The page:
January 24, 2004

How about another Green Lama adventure? From the October 1940 issue of DOUBLE DETECTIVE, pulp’s greatest (and only) ordained Buddhist crimefighter goes after a travelling circus which makes its real profit through murders on the side. (If a hero has a substantial career, he is obligated at some point to have a circus adventure, as well as a duel in a coliseum, a clash with his dark imposter, being framed for murder, solving a crime while blind . . . these requirements are all in the handbook.)

Before I forget, does it seem likely to anyone else that the Green Lama’s origin is intentionally suggestive of Buddha’s own story? The pampered, naive Prince Gotama was so affected when he first saw an old man, a sick man and a corpse that he immediately began his spiritual journey that led to his becoming Buddha, the Enlightened One. The aristocratic Jethro Dumont, returning from ten years in a peaceful lamasery, witnesses two children being gunned down in a gang shooting with no justice forthcoming; he begins the more proactive spiritual journey of fighting crime as the Green Lama. Seems clear the author had a parallel in mind.

THE CASE OF THE CLOWN WHO LAUGHED is not a great classic pulp yarn you would go back to savor again every year, but it is solid, unpretentious entertainment and short enough to read during an afternoon of doing laundry and other chores. I have never been enthusiastic about circuses, in person or in fiction, but this story uses the travelling show setting to good effect and keeps things moving briskly. It helps that “Richard Foster” (actually Kendell Foster Crossen) doesn’t go into elaborate detail on the sad life of Jo-Jo the Dog-Faced Boy or the secret jargon spoken by roustabouts; he uses just enough to give the story color.

Jethro Dumont may be a noble crusader for justice and a bearer of good karma, but he doesn’t stay on top of his business holdings. Finding to his surprise that he owns a circus (his lawyer advises him to check it out, as something shady seems to be going on), Jethro looks into things and quickly finds himself up to his mantra in dark doings. The managers of the circus have an ongoing racket where (in each town they visit) one of their smooth-talking grifters cons an old man into taking out a life insurance policy made out to this complete stranger. Then, the next time the show comes to that town or the year after, the sucker is carefully murdered and the money collected.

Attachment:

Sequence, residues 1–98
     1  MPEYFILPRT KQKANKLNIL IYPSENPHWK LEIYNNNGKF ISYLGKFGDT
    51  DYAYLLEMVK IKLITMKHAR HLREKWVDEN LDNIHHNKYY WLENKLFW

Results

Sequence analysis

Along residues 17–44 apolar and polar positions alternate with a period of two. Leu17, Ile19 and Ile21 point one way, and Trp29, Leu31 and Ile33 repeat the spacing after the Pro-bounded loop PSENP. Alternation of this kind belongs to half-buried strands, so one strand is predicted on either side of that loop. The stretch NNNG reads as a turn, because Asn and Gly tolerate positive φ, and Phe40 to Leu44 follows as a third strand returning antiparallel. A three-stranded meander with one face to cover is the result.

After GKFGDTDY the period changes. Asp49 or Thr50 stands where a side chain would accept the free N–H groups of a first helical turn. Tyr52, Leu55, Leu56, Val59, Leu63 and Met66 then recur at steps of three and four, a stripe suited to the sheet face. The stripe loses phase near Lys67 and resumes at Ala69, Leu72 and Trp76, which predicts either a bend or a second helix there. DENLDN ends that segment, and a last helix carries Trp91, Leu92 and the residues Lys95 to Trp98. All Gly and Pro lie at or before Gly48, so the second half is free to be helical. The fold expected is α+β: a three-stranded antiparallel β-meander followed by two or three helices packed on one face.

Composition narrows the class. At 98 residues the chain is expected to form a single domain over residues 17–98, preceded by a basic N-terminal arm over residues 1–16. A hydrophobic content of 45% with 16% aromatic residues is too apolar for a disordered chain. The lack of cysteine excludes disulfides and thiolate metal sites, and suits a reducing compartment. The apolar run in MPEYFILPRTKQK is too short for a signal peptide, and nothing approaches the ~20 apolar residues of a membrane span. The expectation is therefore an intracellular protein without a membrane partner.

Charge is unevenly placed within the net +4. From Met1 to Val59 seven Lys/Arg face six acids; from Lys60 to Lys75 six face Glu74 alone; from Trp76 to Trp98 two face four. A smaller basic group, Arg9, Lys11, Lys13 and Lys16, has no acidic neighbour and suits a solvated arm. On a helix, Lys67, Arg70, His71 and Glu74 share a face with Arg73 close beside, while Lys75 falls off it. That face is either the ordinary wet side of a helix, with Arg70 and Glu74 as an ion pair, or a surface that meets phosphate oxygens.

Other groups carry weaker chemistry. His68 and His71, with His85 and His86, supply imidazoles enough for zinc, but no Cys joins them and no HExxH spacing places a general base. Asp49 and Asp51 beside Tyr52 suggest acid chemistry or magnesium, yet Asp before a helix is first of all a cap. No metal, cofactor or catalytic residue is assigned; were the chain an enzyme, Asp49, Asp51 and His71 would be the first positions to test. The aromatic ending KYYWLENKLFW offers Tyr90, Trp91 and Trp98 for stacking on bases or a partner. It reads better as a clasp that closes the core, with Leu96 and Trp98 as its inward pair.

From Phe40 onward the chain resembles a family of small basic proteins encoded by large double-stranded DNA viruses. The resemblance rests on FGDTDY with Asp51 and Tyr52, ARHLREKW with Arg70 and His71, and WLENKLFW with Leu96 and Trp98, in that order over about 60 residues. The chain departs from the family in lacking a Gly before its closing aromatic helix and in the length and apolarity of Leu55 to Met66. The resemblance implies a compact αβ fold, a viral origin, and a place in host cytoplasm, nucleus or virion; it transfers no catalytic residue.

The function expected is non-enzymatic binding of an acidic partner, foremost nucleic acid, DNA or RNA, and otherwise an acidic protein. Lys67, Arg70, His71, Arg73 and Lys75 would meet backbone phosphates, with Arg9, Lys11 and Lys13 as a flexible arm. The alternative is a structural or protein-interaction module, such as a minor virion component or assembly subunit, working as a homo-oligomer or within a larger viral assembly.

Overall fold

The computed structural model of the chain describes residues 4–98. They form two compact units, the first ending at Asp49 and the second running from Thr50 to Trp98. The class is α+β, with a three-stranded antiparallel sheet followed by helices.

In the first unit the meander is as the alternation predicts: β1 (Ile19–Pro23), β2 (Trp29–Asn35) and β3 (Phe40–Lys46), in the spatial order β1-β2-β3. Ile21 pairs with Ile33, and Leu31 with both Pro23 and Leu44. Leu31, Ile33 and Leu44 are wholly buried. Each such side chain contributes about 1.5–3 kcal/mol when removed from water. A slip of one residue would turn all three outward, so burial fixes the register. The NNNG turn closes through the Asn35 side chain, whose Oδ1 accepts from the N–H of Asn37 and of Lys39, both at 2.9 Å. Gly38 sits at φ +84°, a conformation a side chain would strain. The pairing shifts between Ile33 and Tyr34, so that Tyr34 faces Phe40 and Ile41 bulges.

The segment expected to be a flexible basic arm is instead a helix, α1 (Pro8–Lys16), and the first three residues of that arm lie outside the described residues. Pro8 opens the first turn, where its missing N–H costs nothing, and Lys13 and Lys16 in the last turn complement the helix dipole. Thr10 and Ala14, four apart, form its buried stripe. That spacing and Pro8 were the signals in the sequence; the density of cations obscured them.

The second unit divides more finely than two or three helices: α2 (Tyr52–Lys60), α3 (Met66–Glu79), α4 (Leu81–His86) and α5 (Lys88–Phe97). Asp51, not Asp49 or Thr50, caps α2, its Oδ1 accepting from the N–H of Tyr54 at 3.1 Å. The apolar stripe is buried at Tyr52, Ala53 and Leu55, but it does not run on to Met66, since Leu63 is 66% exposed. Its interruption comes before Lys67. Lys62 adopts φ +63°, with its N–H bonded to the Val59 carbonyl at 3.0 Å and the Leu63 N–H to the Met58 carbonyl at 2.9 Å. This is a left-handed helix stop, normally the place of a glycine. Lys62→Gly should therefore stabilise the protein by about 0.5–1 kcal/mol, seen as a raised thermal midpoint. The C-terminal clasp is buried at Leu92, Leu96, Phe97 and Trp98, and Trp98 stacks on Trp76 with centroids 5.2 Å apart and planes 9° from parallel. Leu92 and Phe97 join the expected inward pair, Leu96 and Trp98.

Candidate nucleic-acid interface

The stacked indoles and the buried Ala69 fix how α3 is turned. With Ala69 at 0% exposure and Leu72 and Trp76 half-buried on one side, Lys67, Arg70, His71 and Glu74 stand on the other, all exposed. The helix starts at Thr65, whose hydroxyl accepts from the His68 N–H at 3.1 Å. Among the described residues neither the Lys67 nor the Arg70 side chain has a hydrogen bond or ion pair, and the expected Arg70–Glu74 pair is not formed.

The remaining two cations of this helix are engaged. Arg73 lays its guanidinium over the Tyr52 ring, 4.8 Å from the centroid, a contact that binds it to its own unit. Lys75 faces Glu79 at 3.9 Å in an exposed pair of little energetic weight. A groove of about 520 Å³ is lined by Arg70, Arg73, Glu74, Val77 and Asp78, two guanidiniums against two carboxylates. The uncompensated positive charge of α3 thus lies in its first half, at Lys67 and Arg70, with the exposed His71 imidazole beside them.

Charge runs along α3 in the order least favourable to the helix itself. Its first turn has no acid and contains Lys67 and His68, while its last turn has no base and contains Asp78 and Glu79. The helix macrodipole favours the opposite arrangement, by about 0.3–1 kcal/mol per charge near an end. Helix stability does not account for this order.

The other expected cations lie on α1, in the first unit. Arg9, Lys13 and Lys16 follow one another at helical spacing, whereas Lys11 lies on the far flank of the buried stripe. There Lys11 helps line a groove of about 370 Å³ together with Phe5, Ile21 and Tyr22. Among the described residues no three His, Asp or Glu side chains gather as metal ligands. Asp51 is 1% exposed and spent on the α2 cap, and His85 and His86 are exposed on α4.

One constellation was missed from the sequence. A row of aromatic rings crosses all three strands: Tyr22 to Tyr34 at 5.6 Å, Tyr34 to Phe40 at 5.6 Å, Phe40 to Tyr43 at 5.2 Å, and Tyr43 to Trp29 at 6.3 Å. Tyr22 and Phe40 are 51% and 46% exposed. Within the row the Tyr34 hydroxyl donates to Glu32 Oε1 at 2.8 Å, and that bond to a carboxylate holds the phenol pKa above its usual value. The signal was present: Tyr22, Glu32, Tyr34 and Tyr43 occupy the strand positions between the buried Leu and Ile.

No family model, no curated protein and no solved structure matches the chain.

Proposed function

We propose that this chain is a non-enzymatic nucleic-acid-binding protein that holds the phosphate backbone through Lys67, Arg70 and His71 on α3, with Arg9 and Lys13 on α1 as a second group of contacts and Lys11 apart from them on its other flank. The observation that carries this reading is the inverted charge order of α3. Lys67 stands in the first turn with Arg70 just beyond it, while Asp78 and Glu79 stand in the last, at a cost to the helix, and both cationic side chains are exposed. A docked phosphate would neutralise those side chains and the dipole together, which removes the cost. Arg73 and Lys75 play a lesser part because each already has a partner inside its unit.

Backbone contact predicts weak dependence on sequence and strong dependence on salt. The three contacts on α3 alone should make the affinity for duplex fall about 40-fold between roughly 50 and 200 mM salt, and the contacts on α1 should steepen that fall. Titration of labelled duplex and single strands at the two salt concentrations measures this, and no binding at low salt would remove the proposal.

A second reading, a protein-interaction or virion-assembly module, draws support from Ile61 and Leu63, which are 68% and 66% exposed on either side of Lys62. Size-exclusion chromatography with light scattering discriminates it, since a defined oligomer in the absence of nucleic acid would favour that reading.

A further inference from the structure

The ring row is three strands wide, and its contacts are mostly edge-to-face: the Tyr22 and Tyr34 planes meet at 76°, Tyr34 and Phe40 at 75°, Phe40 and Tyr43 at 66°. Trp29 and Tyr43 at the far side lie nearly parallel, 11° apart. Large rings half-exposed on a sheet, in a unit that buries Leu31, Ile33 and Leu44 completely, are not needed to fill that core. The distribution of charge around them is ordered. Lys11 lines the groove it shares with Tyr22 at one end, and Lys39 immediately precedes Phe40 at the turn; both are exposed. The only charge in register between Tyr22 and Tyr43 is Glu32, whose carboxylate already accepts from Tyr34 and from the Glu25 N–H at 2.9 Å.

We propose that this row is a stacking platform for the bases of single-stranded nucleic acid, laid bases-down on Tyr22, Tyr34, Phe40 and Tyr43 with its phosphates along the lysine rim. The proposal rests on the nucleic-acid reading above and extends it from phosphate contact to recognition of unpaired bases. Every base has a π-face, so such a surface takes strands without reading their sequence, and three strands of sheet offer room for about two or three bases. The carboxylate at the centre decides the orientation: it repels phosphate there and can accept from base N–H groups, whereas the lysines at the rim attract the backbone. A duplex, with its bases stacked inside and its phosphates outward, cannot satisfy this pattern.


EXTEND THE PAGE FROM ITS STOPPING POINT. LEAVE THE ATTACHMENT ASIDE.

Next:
This doesn’t seem all that workable in practice, but I’ve read enough texts on crime and scams to realize the most unlikely-sounding operations succeed all the time. The problem here is that more and more of the circus performers are getting wise that something unkosher is going on. This means that they have to be cut in on the action or suddenly leave this life. So there are an awful lot of tragic—cough— accidents befalling people associated with this show, and even the local police are beginning to suspect.

Showing up as his own self to look around, Jethro then makes an appearance as his third identity, Dr Charles Pali (this is the bird in the green clerical suit). With his makeup a bit more obviously Asian than usual, Pali gets a job with the circus as a magician. He actually seems to be doing supernatural magic, too; in addition to card tricks and John Edward type chicanery, our hero apparently makes objects levitate and skid around without explanation. Assisting in this investigation are two of the Lama’s aides, Ken Clayton and Jean Farell. (Notice redhead Jean does all the shooting, she’s a Montana girl.)

Twice, our hero is captured, tied up and left to face a certain death. Of COURSE he gets away. Thank goodness for criminals who don’t simply torture you to find out what you know and then shoot you in the back of the head before dumping you in the river. That would be so gauche. So the Green Lama finds himself all trussed up on the floor of the elephant enclosure as a fire starts the big boys stampeding. He also is thrown into a cage with a cranky lion, but fortunately he is able to press a nerve spot on the lion’s neck and render it senseless. (Ow! My suspension of disbelief just tore a ligament!)

Running around the edge of the story, stepping in to bail the Lama out in a spot that gets too tight or to hand him a convenient clue, is our gal Magga again. A bold adventuress with a gift for disguise, she also is so fluent with Buddhist concepts and sayings that it seems possible she was in fact sent by the lamasery to keep an eye on Jethro, making sure he doesn’t disgrace the temple by suddenly carrying two heavy 45s and laughing wildly as he chases crooks. Did Jethro Dumont (or the readers) ever find out the backstory of Magga? It’s funny to see a pulp hero treated the way they usually act around civilians . . . hiding their true identities and purpose, turning up unexpectedly and disappearing when the work is done, all of that. But, characteristically, Jethro takes it all with good natured grace.